There are so many healthcare disparities especially for low income women, and women of color disproportionately. How can a platform like UBERDOC help to fill the gap and reach communities where this is needed the most?
My brother is a great surgeon specializing in ovarian cancer. To see him you need to know someone, have the right insurance, have the right employer, or have a lot of money. Why shouldn’t anyone have access to the best?
UBERDOC democratizes access to care. I know how doctors think. They are actually motivated by the patient and by the treatment of disease — not by the money. If doctors are good at what they do, they will gain more patients and ultimately, more (financial) reward.
UBERDOC offers a single, fair price that is lower than insurance prices. There is little barrier for patients. Many doctors serve the working poor, and believe that these patients deserve the same choices as those with insurance. The more doctors who agree, the more to choose from. So far thousands are on board.
How does the pricing work on UBERDOC, and do you need to have existing insurance coverage to use it?
UBERDOC is a direct pay model. You pay $50 to make an appointment and another $200 when you are seen. It is all deducted immediately from your credit card or your Health Savings Account. If you are a Medicare patient, it costs only $50, because the doctor can bill Medicare directly without a referral. All subsequent care can be through insurance or you can continue with your UBERDOC account for other services including radiology, blood tests, or prescriptions, and UBERDOC guarantees a fair and transparent price.
Can you tell us about the doctors that patients have access to on UBERDOC?
We started with surgical specialists, like orthopedics or urologists, and rapidly expanded to include medical specialists and primary care doctors, pediatricians, internal medicine, and family practitioners. We also have psychiatrists and PhD psychologists. We only offer doctors — no mid-level providers — but we include podiatrists who are foot and ankle certified and doctors of optometry. All of our doctors have trained for years, are board-certified in their field, and are in active practice. That’s why we use the name “UBER” doc: we are above and beyond the average.
Due to COVID as well as so many healthcare deserts around the United States, how is telemedicine becoming an important part of the access landscape?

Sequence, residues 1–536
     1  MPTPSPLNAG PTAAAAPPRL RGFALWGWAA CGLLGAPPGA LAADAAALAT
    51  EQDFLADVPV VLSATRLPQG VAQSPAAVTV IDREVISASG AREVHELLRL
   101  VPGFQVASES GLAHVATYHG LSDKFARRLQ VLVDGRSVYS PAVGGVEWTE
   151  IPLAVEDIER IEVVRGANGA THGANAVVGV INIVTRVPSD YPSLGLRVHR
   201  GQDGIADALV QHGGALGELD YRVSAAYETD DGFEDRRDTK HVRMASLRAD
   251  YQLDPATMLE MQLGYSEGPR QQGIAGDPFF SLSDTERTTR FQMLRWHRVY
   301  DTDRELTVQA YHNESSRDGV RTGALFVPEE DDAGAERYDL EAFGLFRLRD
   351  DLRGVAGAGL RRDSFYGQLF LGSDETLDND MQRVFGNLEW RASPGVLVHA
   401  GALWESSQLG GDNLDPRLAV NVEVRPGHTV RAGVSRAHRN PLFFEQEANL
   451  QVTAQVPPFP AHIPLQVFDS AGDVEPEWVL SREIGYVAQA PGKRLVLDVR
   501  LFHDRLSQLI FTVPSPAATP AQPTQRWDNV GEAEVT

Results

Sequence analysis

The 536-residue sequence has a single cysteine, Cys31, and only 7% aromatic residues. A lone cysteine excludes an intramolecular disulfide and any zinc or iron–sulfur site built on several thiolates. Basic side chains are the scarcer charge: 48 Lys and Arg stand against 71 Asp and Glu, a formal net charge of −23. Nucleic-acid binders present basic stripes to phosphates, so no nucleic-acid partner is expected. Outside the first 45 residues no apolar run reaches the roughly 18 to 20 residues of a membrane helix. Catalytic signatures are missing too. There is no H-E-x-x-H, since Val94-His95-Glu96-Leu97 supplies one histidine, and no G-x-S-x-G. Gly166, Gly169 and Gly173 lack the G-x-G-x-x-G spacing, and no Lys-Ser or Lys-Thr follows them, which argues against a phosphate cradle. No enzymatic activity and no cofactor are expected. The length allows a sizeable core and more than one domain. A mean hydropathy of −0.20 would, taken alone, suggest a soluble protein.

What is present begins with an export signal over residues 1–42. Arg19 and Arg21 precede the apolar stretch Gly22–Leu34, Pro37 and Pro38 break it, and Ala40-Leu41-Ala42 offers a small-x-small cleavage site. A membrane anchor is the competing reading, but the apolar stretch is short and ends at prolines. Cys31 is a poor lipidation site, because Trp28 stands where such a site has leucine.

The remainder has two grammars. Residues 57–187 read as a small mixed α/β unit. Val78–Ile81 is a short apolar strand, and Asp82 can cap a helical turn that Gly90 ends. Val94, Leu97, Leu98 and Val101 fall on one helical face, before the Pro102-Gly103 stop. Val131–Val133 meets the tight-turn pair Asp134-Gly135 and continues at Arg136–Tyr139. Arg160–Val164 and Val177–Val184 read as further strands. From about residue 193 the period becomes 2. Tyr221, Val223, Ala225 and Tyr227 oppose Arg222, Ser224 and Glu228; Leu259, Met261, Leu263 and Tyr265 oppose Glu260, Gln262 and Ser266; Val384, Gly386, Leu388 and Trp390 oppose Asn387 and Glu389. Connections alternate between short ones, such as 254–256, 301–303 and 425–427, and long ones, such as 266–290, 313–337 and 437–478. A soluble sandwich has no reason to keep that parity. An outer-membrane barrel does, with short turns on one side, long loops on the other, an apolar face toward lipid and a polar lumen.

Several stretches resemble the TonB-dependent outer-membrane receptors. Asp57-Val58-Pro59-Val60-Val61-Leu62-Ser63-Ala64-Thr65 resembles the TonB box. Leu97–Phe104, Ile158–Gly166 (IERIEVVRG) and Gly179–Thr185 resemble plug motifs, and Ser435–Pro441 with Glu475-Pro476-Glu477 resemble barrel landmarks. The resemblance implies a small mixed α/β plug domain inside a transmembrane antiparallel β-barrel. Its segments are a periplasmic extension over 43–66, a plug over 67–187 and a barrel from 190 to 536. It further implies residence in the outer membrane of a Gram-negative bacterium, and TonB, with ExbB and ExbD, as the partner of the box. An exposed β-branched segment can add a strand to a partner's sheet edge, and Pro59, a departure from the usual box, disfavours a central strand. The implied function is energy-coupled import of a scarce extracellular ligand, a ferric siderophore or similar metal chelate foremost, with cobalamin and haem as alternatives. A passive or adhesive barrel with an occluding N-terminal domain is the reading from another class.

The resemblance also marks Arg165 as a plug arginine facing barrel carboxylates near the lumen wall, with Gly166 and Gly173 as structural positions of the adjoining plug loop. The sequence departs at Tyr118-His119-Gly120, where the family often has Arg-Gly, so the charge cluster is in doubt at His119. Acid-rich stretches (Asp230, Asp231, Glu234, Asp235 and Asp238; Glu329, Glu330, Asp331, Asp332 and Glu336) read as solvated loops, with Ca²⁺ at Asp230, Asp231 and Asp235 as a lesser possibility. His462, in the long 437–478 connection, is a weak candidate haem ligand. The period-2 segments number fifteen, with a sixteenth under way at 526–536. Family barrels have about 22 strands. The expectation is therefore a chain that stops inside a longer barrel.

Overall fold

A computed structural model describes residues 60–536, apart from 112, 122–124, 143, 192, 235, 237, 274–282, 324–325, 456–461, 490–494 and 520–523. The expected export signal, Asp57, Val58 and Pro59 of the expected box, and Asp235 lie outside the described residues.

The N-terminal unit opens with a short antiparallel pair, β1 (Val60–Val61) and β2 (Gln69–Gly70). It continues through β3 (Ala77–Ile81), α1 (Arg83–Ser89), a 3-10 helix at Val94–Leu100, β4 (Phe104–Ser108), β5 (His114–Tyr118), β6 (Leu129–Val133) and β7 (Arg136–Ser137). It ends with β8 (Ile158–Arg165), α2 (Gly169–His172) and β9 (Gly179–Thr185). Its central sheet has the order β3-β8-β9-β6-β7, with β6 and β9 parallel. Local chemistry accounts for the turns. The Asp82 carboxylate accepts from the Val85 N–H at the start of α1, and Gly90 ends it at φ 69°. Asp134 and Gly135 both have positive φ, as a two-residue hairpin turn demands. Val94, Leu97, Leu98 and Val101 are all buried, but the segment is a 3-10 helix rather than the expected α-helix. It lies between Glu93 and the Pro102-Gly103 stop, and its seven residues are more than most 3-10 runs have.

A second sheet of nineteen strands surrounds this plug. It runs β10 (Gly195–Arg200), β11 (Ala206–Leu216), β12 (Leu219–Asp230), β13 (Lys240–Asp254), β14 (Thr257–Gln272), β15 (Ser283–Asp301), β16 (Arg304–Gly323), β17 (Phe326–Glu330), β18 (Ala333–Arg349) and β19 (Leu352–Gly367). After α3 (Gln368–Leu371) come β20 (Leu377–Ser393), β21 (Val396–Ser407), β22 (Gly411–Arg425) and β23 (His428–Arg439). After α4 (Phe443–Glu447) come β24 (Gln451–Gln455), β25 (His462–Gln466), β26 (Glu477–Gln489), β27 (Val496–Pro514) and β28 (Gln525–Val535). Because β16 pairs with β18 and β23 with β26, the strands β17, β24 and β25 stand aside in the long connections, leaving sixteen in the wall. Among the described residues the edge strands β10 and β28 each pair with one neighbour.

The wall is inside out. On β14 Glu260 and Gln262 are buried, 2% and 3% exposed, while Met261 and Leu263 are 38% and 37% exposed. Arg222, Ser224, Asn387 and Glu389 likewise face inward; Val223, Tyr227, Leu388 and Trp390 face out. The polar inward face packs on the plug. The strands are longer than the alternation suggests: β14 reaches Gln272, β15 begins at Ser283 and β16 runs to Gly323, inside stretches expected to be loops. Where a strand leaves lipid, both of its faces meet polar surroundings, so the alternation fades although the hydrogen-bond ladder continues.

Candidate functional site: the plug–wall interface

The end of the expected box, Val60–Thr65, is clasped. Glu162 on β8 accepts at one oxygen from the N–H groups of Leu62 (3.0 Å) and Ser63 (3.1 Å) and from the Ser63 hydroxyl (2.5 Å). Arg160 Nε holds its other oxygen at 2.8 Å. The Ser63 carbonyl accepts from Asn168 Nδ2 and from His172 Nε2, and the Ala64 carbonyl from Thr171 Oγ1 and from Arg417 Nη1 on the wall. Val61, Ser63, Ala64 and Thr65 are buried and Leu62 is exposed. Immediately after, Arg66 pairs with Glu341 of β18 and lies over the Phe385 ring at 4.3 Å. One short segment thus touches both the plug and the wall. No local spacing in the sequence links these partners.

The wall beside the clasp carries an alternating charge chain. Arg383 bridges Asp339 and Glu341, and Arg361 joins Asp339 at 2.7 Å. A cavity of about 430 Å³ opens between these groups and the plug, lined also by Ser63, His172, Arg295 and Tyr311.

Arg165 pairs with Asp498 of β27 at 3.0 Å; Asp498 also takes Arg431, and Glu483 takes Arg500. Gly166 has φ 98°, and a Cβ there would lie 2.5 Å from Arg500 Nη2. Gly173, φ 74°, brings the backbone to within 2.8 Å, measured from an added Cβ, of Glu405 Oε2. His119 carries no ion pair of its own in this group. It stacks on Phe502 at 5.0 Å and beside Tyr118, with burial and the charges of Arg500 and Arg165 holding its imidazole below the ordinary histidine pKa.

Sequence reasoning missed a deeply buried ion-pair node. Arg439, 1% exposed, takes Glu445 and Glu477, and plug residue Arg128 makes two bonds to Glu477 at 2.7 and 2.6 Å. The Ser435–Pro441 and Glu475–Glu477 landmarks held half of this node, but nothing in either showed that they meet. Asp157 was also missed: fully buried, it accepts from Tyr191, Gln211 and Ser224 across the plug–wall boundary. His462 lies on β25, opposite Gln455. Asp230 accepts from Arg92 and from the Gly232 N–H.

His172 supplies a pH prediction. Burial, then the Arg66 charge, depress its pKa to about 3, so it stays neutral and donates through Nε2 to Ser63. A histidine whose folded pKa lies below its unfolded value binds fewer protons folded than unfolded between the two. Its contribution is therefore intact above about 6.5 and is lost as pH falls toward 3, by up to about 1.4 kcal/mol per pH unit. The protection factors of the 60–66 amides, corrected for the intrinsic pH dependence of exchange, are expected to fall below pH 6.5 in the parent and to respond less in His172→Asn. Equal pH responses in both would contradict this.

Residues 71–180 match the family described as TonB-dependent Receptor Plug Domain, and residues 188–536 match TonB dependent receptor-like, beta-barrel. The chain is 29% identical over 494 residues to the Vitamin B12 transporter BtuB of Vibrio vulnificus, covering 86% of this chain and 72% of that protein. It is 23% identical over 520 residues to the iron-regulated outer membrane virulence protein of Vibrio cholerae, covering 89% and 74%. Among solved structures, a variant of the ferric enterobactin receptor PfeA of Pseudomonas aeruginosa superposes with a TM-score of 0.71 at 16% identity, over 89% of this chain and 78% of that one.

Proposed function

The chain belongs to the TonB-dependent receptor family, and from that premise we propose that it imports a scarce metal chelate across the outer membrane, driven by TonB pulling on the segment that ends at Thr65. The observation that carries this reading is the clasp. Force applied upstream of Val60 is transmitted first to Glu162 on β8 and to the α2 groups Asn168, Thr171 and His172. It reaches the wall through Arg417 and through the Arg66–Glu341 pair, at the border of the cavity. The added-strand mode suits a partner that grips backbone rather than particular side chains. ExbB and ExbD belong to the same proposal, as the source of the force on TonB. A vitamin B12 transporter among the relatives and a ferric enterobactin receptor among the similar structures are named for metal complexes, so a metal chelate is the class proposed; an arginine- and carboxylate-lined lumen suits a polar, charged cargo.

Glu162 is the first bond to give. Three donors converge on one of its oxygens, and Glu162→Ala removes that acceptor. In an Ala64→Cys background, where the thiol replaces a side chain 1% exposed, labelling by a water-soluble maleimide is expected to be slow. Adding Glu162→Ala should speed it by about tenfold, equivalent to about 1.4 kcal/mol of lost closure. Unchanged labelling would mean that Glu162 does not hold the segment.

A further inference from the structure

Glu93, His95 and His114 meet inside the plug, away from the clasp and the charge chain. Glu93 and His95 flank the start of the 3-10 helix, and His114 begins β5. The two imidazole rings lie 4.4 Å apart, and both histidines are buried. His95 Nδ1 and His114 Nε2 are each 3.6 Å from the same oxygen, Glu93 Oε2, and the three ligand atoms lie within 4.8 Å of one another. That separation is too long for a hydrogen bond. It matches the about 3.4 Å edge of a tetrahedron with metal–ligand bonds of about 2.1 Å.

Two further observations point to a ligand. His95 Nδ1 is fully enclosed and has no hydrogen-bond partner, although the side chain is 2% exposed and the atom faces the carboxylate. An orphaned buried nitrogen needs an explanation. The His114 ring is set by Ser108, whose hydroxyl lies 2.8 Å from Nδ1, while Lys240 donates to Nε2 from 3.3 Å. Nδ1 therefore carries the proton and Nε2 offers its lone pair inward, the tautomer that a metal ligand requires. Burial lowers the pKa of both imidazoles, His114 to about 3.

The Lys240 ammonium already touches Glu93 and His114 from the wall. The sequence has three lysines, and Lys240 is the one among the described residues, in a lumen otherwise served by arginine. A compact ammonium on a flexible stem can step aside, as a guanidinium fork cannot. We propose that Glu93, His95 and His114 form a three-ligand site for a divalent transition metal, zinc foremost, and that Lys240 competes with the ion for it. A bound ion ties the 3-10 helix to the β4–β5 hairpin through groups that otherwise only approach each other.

Over a year ago, the original creator of telemedicine reached out and told me UBERDOC was beautiful. Putting telehealth into the hands of an experienced doctor, the end-user, was his mission. At the time, as a surgeon, I didn’t immediately see the value, but agreed. Now all of our doctors can be available both in-person and via telemedicine. We just redefined what “access to the best” means. Best advice I ever took.
If someone is reading this and considering using UBERDOC, what are some of the questions you would encourage them to ask?
Using UBERDOC does NOT preclude you from using your insurance. We are meant to be a safety net; an alternative when you are either out of time, out of town, anxious about waiting, or seeking a second opinion. For some it may be more convenient than a walk-in, especially if you end up needing to see a specialist anyway, such as an eye doctor or orthopedic. For others, it may be an easy way to book that cardiology appointment for an elderly parent who needs a ride.
Any patient should always ask the simple question, “If I use my insurance, will I be paying less?” Unfortunately, nowadays it’s often more expensive. As more and more consumers understand the prices, and demand more transparency, they will realize there are several choices. Nothing is more personal than your health, and nothing should ever interfere with your right to choose — least of all an insurance plan.
Head over to UBERDOC to find the healthcare you need at an affordable price, with just a few clicks.